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Figure 98 - Inserting Clip Into Automatic Loader
Figure 98 - Inserting Clip Into Automatic Loader

sure that the outer safety lever is in the "SAFE" position. Inspect the bore for foreign matter and clean if necessary. If conditions permit, wipe or clean the bore to remove the coating applied after the previous firing.

42. TO LOAD.

a. Pull the hand operating lever at the left side of the breech casing to the rearmost position and engage it in the rear latch bracket. This operation opens the breech, cocks the firing mechanism, pulls the rammer shoe to the rear where it is engaged, and releases the feed rollers to permit them to be rotated.

b. Place a cartridge on the loading tray by pushing a clip of ammunition down the guides of the loader (fig. 98) until the feed rollers are rotated and a cartridge drops on the loading tray.

c. If the gun is not to be fired immediately, the hand operating lever should remain in the rear latch bracket to make the gun safe against accidental firing.

d. To Load Ammunition in Clips. Press the spring-loaded pin on the side of the clip (fig. 99). Insert the rim of the cartridge in the proper one of the four concave depressions of the clip. Release the pin to permit the hook to clamp the cartridge in place in the clip.

43. TO FIRE.

a. Immediately before firing is to take place, the hand operating lever must be folded forward and placed in the front latch bracket. The outer safety lever must also be in "SINGLE FIRE" or "AUTO FIRE" position before firing can occur.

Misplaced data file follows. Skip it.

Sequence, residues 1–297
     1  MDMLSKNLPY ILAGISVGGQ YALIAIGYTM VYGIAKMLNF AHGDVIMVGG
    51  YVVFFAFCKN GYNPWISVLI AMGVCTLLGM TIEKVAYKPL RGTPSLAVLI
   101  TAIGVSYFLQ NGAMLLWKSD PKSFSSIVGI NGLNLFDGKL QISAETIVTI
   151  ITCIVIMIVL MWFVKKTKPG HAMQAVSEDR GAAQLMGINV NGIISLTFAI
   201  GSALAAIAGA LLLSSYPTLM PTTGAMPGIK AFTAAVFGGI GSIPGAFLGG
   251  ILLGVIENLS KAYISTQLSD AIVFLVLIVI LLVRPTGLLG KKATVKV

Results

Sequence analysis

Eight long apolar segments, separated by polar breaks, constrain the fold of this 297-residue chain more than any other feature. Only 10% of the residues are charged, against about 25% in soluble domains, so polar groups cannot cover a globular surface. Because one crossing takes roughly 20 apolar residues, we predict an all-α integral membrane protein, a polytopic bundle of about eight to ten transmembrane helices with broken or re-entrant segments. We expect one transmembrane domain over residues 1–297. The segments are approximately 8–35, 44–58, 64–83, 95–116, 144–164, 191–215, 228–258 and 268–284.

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Figure 99 - Loading Cartridge in Clip
Figure 99 - Loading Cartridge in Clip

Figure 100 - Firing Weapon With Rear Firing Pedal
Figure 100 - Firing Weapon With Rear Firing Pedal



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Figure 101 - Recoil Indicator Set to Measure Length of Recoil
Figure 101 - Recoil Indicator Set to Measure Length of Recoil
Figure 102 - Loading Tray Striking Indicator To Measure Recoil
Figure 102 - Loading Tray Striking Indicator To Measure Recoil

b. The firing mechanism is actuated by either of two controls. The front firing pedal is located above the elevation operator's right footrest on the left side of the weapon. The rear firing pedal is located near the rear of the loading platform on the left side of the breech (fig. 100).

c. To fire the gun, either pedal is depressed. With the outer safety lever set at "SINGLE FIRE," the pedal must be depressed to fire each round separately. With this lever set at "AUTO FIRE," the gun will continue firing as long as the pedal is depressed and there are more than two rounds in the automatic loader.